Portrait by John Lavery, 1922. Public domain.

For a photo showing him in action teaching Persian see here.


In 2017, the School’s Academic Board made a commitment to dissect and discuss SOAS’ role in maintaining colonial rule and to review the content and perspectives taught at the School. This was part of a “Decolonising Strategy”, which can be found on the SOAS website as part of its overall strategic plan. However, despite this commitment to tackle the school’s history, nowhere is this history described. This obfuscation was not always so. SOAS Emeritus Professor Ian Brown’s book The School of Oriental and African Studies: Imperial Training and the Expansion of History, the publication of which was designed to coincide with the school’s centenary, directly confronts and evaluates SOAS’ role in the British Empire. Unfortunately, a news item (accessed 23 May 2022) on the SOAS website announcing its publication did not survive the website’s reorganisation in October 2022. This leaves a potential student reading through the website in the confusing position of seeing commitments to change and growth without any fixed reference points. Change and growth from what, exactly? Giving historical context would, I propose, give gravitas and depth to the extensive information the SOAS website provides on staff and student efforts to interact with and challenge the effects of colonisation today. In my view, transparency and accountability encourages trust in an institution, and for SOAS would make a commitment to improvement more meaningful and believable.

This isn’t to say that SOAS’ colonial history is a secret. It is common knowledge on campus and is discussed within and beyond the classroom in a variety of contexts. It is even directly confronted in one compulsory module of my own course, Colonial Curricula: Empire and Education at SOAS and Beyond, in which the colonial history of the school and the legacy of many of its founding professors are scrutinized and assessed. Dr Eleanor Newbigin, who designed the module, sought to establish an academic space for informed discussion on how the legacy of empire shapes the disciplines that are taught at SOAS. Rather than creating a finalised narrative of what SOAS was and is, the course is meant to stimulate conversation and deepen the understanding of SOAS’ role in colonial and decolonial education. Colonial Curricula engages with the complexity of the institution, and Newbigin encourages prospective and current students to look further than the SOAS website and Ian Brown’s book for definitions of what SOAS is. In our interview, Newbigin described these sources as having a relatively top-down view of the institution (Newbigin 2023). The SOAS archives, where she found some of the materials for the course, can provide much more varied and up-close views of what SOAS was for students and less well-known staff members. Nevertheless, much of this information can be tricky to access from outside SOAS. Creating direct links to the most relevant sources (in terms of SOAS’ colonial history) on the university’s website, would allow prospective students the opportunity to engage in a culture of transparency even before enrolling. In this way Newbigin’s approach of informed flexible discussion could be brought out of her lectures and into the wider ethos of the School.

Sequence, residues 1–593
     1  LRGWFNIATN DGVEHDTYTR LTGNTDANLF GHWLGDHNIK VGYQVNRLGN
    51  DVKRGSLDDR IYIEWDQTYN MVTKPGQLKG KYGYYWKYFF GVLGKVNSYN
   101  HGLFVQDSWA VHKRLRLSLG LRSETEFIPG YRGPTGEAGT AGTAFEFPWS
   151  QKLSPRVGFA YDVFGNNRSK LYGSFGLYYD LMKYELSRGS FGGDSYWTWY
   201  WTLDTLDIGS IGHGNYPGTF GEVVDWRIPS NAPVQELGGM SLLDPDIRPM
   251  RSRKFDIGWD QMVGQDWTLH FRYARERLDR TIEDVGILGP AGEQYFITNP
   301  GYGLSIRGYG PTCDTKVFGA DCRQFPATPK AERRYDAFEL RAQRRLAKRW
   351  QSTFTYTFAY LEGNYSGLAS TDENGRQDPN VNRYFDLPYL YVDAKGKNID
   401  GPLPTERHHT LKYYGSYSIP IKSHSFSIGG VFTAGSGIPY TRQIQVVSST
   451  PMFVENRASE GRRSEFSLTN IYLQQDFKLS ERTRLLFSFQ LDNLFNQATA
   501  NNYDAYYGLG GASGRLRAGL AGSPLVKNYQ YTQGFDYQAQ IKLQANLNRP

Mr S. H. Chileshe, a SOAS student from Zimbabwe, in 1946. At the time, Zimbabwe was a British colony called Rhodesia. SOAS may have been an opportunity for education and employment for select colonial subjects, but this inclusion into British education was part of the colonial ‘civilising mission’ rather than an attempt to integrate and equalise the British with people of colour from the colonies (Newbigin 2023).

Image source: Public domain.

SOAS’ colonial history is an uncomfortable topic, particularly when contrasted with what SOAS is today, and it’s not completely unreasonable to assume that prospective students may choose to study somewhere with a less colonial history. SOAS’ two main selling points are its decolonial approach to knowledge and its expertise in Asia, Africa, and the Middle East – whether that be in the cultures, languages or histories of these world regions. The former is the result of a vigorous school-wide effort from students, staff and faculty to critique and question what is commonly taught and understood in Britain. The latter, however, finds its roots in SOAS’ original colonial history and purpose.  A central facet of colonial knowledge production is the altering, adapting and warping of knowledge so that colonial institutions can continue to profit off their colonial history. I believe that transparency could attract more students than it inhibits. I believe that, by failing to explicitly display how SOAS’ history contributes to its existence today, SOAS is in fact using colonial knowledge production methods to promote itself, and this juxtaposition would turn prospective students away – and indeed it disappoints many students who do come to SOAS and only then learn about its history. To truly be a centre for decolonising knowledge, SOAS must be open about what it once was. Until it does, it is upholding its colonial character rather than uprooting it.

References

Brown, Ian. 2016. The School of Oriental and African Studies: Imperial Training and the Expansion of Learning. Cambridge: Cambridge University Press.
“Decolonising Strategy.” N.d. (part of a five-year strategic plan approved in 2021). SOAS. Accessed May 9, 2023. https://www.soas.ac.uk/about/leadership/soas-vision-and-strategy/decolonising-strategy.
Newbigin, Eleanor. 2023. “Colonial Curricula.” Interview by Cristyn Hughes. 17 May.
Spina, Barbara. 2010. “SOAS Library: What Makes it Special?
[“SOAS University of London.” 2019. Soas.ac.uk. https://doi.org/812]
The Complete University Guide. 2023. “SOAS University of London Ranking UK 2022 / 2023 – Complete University Guide.”

Cristyn Hughes

she/her

Cristyn started her BA History at SOAS in 2022 and completed an internship with the SOAS History Blog in May 2023. During her internship Cristyn co-organised the annual Blog Women’s History Month event and contributed to the publication of two articles. Cristyn’s research for this article draws on her experiences during the internship and as a student of H103 Colonial Curricula.


SOAS History Blog, Department of History, Religions and Philosophy, SOAS University of London